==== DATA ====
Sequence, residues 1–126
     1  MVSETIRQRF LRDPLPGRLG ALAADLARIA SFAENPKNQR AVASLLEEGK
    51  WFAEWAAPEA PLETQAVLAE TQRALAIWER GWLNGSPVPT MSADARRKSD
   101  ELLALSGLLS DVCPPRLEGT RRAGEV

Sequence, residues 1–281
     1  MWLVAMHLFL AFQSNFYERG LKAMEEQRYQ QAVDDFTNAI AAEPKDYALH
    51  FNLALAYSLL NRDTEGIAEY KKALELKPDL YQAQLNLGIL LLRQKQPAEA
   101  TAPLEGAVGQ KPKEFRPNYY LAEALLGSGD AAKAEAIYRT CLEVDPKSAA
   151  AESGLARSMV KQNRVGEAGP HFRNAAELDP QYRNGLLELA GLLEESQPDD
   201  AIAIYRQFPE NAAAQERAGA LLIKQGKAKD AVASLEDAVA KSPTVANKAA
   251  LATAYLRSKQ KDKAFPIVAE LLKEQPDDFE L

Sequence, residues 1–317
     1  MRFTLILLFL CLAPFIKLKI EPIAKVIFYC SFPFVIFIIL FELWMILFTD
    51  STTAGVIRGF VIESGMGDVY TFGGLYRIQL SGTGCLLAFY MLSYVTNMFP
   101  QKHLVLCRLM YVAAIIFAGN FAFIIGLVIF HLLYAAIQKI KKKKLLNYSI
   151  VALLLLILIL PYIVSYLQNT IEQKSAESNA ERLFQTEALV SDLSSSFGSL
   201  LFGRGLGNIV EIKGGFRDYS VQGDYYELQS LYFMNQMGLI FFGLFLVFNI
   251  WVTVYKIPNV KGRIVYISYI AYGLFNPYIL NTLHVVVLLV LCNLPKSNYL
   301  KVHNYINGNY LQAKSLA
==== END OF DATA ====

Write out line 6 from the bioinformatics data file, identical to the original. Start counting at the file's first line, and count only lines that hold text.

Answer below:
     1  MWLVAMHLFL AFQSNFYERG LKAMEEQRYQ QAVDDFTNAI AAEPKDYALH